Small-for-gestational age (SGA)
Will be used to describe a physiologically small fetus (ie EFW ;10th centile ,normal amniotic fluid volume and normal umbilical artery Doppler)
Intrauterine growth restriction (IUGR)
Will be used to describe a pathologically small fetus (ie EFW ;10th centile, oligohydramnios, abnormal UA Doppler AND/ OR poor interval growth velocity AND/ OR EFW ;3rd centile )
Suboptimal fetal growth is linked to adverse short and long term outcomes. Neonatal complications include haematological and metabolic problems and impaired thermoregulation. In addition, intraventricular haemorrhage, necrotising enterocolitis, seizures, sepsis, respiratory distress syndrome, retinopathy of prematurity and neonatal death contribute to the perinatal morbidity.

Together with the profound perinatal impact of FGR, consequences may continue into adult life in the form of metabolic disease as a result of prenatal reprogramming and postnatal compensatory catch-up growth. It is now well established, that an adverse intrauterine environment increases disease risk in adulthood leading to metabolic syndrome, hypertension, insulin resistance and type 2 diabetes mellitus, coronary heart disease and stroke Barker et al, 1990; 1993.

Antenatal Detection and Recognition of Risk Factors
The antenatal detection of FGR is of particular concern, given that currently only one third of such pregnancies are prenatally recognised Chauhan et al, 2013; McCowan et al, 2010.

Abdominal palpation and fundal height (FH) measurement have poor sensitivities and specificities; they are, however, the only physical examination methods available.

Serial sonographic assessment of EFW is not feasible in all pregnancies, therefore FH measurement can be used as a proxy for estimating the gestational age of the pregnancy Rondo et al, 2003 or the weight of the fetus Mongelli et al, 2004. More commonly, it is used for fetal growth screening.
A prospective, non-randomised controlled study of 1272 patients Gardosi et al, 1999 found an increased detection of FGR with customised FH charts (48% vs 29%, odds ratio 2.2, 95% confidence interval 1.1-4.5) which was coupled with reduced false-positive assessments. In another study, FH measurement in cm and plotting on a customised fundal height chart shows an improved, but still low, detection of FGR antenatally when compared with conventional methods (36% vs 16%) Wright et al, 2006.
This alarmingly low detection rate of FGR translates into a significantly increased risk of adverse perinatal outcomes for these pregnancies. In particular, pregnancies with unrecognised FGR carry an over 8-fold increased risk of stillbirth when compared to pregnancies without IUGR (19.8 versus 2.4/ 1000 births) Gardosi et al, 2013. It may therefore be reasonable to consider using customised FH and fetal weight standards, which may aid with the interpretation of clinical assessment findings.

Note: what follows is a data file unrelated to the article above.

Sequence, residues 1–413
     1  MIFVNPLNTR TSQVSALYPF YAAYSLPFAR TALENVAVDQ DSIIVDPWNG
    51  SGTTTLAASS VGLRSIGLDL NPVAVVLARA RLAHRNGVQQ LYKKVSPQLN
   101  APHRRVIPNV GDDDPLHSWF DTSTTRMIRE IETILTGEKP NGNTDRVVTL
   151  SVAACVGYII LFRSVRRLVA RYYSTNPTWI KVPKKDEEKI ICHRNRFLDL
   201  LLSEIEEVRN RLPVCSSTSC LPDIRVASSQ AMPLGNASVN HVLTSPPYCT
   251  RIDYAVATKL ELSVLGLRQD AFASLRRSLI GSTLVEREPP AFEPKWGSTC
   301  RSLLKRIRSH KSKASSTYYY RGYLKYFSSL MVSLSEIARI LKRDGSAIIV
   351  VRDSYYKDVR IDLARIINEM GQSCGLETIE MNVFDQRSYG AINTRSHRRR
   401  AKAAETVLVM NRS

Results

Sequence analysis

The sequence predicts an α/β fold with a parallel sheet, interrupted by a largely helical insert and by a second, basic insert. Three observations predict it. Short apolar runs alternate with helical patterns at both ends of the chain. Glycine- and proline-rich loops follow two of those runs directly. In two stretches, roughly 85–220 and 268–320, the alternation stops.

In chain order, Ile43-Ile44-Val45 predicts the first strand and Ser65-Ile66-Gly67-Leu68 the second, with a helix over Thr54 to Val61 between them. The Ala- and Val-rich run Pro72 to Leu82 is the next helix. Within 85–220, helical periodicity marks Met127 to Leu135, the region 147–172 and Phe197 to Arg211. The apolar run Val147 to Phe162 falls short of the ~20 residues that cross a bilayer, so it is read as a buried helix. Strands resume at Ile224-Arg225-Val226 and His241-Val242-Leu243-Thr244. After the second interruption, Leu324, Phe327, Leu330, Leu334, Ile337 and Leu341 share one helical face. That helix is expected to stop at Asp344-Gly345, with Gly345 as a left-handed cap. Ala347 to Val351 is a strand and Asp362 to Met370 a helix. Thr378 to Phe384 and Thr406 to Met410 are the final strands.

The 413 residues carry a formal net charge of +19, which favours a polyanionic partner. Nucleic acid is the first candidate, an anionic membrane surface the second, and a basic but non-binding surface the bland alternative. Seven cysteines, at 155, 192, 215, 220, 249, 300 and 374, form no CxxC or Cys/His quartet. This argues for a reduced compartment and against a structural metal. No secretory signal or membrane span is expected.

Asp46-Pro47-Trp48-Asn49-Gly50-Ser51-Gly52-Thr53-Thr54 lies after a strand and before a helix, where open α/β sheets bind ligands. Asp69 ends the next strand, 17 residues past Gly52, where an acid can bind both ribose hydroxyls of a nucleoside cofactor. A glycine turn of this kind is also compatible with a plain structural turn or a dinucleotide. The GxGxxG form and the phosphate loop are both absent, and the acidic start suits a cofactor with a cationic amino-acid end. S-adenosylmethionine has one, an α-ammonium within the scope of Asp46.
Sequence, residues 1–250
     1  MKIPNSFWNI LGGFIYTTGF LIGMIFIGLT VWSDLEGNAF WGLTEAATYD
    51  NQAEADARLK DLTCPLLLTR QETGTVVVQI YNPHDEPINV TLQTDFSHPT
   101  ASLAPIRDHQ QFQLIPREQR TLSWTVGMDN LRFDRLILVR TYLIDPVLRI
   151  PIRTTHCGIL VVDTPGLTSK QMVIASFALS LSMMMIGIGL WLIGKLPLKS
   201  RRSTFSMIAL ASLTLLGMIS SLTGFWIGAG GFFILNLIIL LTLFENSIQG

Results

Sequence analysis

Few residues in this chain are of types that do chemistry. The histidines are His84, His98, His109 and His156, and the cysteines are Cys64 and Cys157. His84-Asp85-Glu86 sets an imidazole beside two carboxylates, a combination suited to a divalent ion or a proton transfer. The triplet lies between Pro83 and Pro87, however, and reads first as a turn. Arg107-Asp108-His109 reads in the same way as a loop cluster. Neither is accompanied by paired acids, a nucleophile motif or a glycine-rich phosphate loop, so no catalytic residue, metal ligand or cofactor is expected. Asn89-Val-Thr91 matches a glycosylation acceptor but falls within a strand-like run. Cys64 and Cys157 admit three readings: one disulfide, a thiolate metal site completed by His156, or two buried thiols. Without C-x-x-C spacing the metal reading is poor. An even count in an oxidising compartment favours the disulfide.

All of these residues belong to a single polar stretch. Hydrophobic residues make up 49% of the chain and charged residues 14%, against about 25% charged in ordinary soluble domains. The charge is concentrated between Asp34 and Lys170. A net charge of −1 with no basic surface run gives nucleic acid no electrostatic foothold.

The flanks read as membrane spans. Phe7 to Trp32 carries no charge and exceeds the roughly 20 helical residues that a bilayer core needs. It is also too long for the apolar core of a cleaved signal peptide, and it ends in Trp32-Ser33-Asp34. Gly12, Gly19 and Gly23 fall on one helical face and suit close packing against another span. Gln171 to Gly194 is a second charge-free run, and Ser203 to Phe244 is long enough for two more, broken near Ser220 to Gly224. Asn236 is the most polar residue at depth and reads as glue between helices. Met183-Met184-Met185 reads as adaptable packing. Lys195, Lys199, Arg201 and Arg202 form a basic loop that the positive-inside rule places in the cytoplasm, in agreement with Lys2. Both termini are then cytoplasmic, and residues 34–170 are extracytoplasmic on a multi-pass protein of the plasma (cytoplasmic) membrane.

FGR is the manifestation of underlying placental, fetal, parental and environmental causes and therefore represents a heterogenous condition.

Causes and Risk Factors of FGR
Maternal
Parity
Ethnicity (minorities, non-white)
Malnutrition, low gestational weight gain
Low pre-pregnancy fruit intake
Vigorous daily exercise
Previous IUGR pregnancy
Extremes of maternal age (;16 years, ;40 years)
Assisted reproductive techniques
Uterine malformations
Low socio-economic status
Low PAPP-A (;0.4 MoM)
Hypertension/ pre-eclampsia
Medical disorders (Systemic lupus erythematosus, pre-existing diabetes, renal disease, restrictive lung disease, cyanotic heart disease, antiphospholipid syndrome, anaemia/ haemoglobinopathy, Crohn’s disease, ulcerative colitis)
Rhesus positive blood type
Paternal
Low birth weight
Fetal
Female gender
Chromosomal abnormalities (aneuploidies, microdeletions)
Genetic syndromes
Congenital malformations
Intrauterine infections (CMV, Toxoplasmosis, Rubella, Varicella, Tuberculosis, HIV, Syphilis, congenital Malaria)
Multiple pregnancy
Placental
Placental developmental abnormalities (abnormal placental shape/ position; chorangiomatosis; distal villous hypoplasia/ accelerated villous maturation/ increased syncytial knotting). Maternal vascular pathology (infarction; retroplacental haemorrhage; increased perivillous fibrinoid deposition). Fetal vascular pathology (cord hypercoiling; true cord knots; abnormal cord insertion; single umbilical artery; fetal thrombotic vasculopathy) Inflammatory Lesions (acute chorioamnionitis/ vasculitis; chronic villitis of unknown aetiology) Other (confined placental mosaicism, placental hypoplasia.
Environmental
Substance misuse
Smoking
High altitude/ hypoxia
Irradiation
Exposure to teratogens (Warfarin, anti-epileptic drugs, methotrexate)
Sonographic Surveillance and Management
Sonographic surveillance, in particular Doppler ultrasound, of pregnancies with IUGR plays a critical role in improving perinatal outcomes by increasing prenatal surveillance and timely delivery.
There is very little evidence from randomised controlled trials to inform best practice for antenatal surveillance regimens in FGR pregnancies Grivell et al, 2012, in particular, no single individual test is available to predict outcome in IUGR, and therefore a combination of examinations is recommended in the careful assessment of growth restricted fetuses.
Biometry, population and customised fetal weight estimation